The sheer volume of overwhelming evidence pointing to its existence has catapulted global warming and the associated climate change to a position as the defining political challenge of the 21st century.[2] Its cause stems from the rapid pace of development that has followed the industrial revolution, as our machines and our factories pump ton upon ton of carbon into the atmosphere, heating the world at an ever-increasing pace. We stand at the tipping point now as countries race to implement mechanisms that will curb this behaviour and reduce greenhouse gas emissions to sustainable levels.

Outline:

This report will analyse the various legislative and non-legislative mechanisms; such as the National Carbon Offset Standard and the placing of a price on carbon, that have been put in place in Australia to curb greenhouse gas emissions. The merits of these mechanisms will be evaluated in an effort to decipher their effectiveness in combating climate change.

1. Global warming - Linked to Emissions:

Research by the Berkeley Earth Surface Temperature project found that over the past 250 years the Earth's temperature has risen by about 1.5 degrees Celsius, including a rise of 1 degree in the last 50 years.[3] This rise can be attributed to humans as the results taken from land temperature stations correlate extremely closely to rising levels of carbon dioxide in the atmosphere, carbon dioxide that has been emitted through development.[4] The team of scientists on the project analysed measurements from 14.4 million measurements from 44,455 sites across the world, with results dating back to 1753.

The report went on to state that without large scale action the Earth's temperature is expected to continue to rise, with a rise of a further 1 degree in the next 50 years expected, however alarmingly if China continues to develop at its current pace, and continue with its vast use of coal, this rise could occur in the next 20 years.[6] Each decade in Australia since 1940 has been hotter than the preceding, with 2001 to 2010 the hottest on record.

Long term modelling indicates Australia will see a significant temperature increase by the end of this century.[8] The average temperature for Southeast Australia in the period 1961-1990 was 16.68 degrees Celsius, but the modelling indicates that this will increase to 20.27 between 2070-2099.[9] Looking just at the agricultural sector, this temperature rise will lead to a dramatic decrease in crop yields and a scarcity of water supplies.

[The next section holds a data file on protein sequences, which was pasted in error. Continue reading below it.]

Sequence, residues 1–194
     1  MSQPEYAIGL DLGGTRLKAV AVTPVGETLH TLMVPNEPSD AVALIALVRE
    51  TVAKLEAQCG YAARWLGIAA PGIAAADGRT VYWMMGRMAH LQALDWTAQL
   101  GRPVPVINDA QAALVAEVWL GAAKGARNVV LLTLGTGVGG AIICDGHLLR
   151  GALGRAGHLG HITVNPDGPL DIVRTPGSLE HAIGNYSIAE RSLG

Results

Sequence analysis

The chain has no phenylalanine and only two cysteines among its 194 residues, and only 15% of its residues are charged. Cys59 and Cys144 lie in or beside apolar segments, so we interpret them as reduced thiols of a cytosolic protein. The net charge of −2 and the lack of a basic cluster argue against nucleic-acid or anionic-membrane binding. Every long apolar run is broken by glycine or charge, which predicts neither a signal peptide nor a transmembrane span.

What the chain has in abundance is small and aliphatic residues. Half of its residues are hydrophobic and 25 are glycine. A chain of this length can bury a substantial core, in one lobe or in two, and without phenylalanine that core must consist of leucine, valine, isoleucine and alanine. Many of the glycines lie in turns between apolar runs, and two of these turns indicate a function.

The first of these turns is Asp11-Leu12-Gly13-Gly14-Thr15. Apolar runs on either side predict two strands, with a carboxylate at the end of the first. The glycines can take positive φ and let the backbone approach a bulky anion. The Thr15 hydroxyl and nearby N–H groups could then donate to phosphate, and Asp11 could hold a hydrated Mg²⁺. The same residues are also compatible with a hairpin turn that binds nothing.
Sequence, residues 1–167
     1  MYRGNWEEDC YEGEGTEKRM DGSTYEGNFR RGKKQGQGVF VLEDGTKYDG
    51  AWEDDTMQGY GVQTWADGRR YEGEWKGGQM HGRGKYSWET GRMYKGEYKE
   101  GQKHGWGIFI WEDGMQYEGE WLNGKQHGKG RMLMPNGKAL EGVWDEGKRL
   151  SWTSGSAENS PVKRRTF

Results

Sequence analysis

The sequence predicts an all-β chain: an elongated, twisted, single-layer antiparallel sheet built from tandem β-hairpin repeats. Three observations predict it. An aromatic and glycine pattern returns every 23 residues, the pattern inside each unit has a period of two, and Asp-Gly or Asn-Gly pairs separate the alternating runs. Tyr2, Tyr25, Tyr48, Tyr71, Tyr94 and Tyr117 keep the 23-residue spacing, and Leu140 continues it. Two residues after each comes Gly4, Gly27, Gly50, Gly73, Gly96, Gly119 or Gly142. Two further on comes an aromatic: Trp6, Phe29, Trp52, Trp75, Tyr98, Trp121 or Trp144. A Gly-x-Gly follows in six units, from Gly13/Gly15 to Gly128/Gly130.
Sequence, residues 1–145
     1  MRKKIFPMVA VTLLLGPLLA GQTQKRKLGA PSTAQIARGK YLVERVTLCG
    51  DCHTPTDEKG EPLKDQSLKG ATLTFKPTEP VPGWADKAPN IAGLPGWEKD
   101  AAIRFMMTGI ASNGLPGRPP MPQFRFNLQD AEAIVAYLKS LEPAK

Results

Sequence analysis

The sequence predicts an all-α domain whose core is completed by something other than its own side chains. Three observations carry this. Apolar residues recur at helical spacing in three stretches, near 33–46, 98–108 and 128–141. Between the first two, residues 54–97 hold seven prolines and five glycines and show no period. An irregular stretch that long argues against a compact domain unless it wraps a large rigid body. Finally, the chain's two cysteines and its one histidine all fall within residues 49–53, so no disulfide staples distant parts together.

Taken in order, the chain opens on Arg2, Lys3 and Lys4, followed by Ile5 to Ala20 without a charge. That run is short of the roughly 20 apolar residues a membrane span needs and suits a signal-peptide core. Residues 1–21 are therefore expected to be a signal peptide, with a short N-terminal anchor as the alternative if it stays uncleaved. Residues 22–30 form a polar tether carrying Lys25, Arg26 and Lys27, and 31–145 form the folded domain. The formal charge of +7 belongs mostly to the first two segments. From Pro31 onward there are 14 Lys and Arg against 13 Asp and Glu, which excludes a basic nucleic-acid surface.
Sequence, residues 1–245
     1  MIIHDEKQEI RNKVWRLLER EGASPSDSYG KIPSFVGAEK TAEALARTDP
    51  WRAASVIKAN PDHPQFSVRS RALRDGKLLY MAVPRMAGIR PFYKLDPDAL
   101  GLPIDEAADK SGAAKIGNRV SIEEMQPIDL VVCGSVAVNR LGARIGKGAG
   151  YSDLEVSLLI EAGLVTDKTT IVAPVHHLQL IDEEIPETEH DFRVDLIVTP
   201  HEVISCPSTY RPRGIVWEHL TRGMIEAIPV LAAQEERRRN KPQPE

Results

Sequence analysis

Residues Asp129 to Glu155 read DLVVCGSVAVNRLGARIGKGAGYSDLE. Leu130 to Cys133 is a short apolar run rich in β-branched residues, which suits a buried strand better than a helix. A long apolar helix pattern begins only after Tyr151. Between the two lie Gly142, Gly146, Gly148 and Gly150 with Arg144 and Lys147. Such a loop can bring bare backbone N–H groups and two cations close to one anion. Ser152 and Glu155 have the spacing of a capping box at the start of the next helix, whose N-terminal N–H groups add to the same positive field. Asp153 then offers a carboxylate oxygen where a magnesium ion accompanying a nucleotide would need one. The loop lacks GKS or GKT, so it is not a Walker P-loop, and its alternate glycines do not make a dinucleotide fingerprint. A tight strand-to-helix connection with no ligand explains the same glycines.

1.2. Background:

The rapid pace of development that continues to accelerate has led to environmental externalities being overlooked in the decision making process.[11] Externalities are best described as the unrecognised costs of a transaction.[12] No price has been attached to them, which has led to a "divergence between private and social costs.” Arthur Cecil Pigou, a leading English economist of the 20th century stated that, "where such divergences arise, the State, if it chooses should remove the divergences through bounties and taxes.[14] He proposed that these taxes be used not to raise revenue, but rather to price externalities and change behaviour.[15] His theory was picked up in the Henry Review, which raised the idea of implementing such taxes as a way of shaping environmental behaviour, in particular by pricing emissions.

The pricing of carbon seeks to remedy the environmental externality that is the emission of greenhouse gases.[17] In Matthews v Chicory Marketing Board (Vic) (1938) 60 CLR 263 taxation was defined by Latham CJ as, "compulsory exactions of money by a government for public purposes."[18] The pricing of carbon therefore falls under the definition of a tax, as it is a "compulsory extraction of money" by the government, with the proceeds being used to compensate individuals and businesses that will be negatively impacted by the change in policy.

A recent report by the United Nations estimated that negative environmental externalities cost $2.2 trillion in 2008.


[1] Joe Lieberman, ‘Preserving Our Planet: Remarks by Senator Joe Lieberman’ (24 June 2004) United States Senator for Connecticut <http://www.lieberman.senate.gov/index.cfm/news-events/speeches-op-eds/2004/6/preserving-our-planet-remarks-by-senator-joe-lieberman>.

[2] Kirk Simmons, ‘Why Nothing in this World is Certain Except Death and (Environmental) Taxes’ (2011) 28 EPLJ 368, 368.

[3] Elizabeth Muller, 250 Years of Global Warming: Berkeley Earth Releases New Analysis (29 July 2012) Berkeley Earth Science Surface Temperature [2] < http://berkeleyearth.org/pdf/berkeley-earth-press-release-july-29.pdf>.

[4] Ibid 4.

[5] Leo Hickman, ‘What Evidence Will it Take to Convince Climate Sceptics?’ (30 July 2012) The Guardian [4] < http://www.guardian.co.uk/environment/blog/2012/jul/30/what-evidence-take-convince-climate-sceptics>.

[6] Ibid 4.

[7] Explanatory Memorandum, Clean Energy Legislative Package 2012 (Cth), 4.

[8] William Cline, Global Warming and Agriculture: Impact Estimates by Country (Peterson Insitute, 1st ed, 2007 ) 38.

[9] Ibid 38.

[10] Ibid 29.

[11] Simmons, above n 2, 368.

[12] Gene Callahan, ‘What is an externality?’ (2001) 19(8) The Mises Institute Monthly 1, 4.

[13] Simmons, above n 2, 368.

[14] Ibid 368.

[15] Ibid 368.

[16] Ibid 368.

[17] Stephen Gardiner, Simon Caney and Dale Jamieson (eds), Climate Ethics: Essential Readings (Oxford University Press, 1st ed, 2007), 39.

[18] Matthews v Chicory Marketing Board (Vic) (1938) 60 CLR 263.

[19] Simmons, above n 2, 368.

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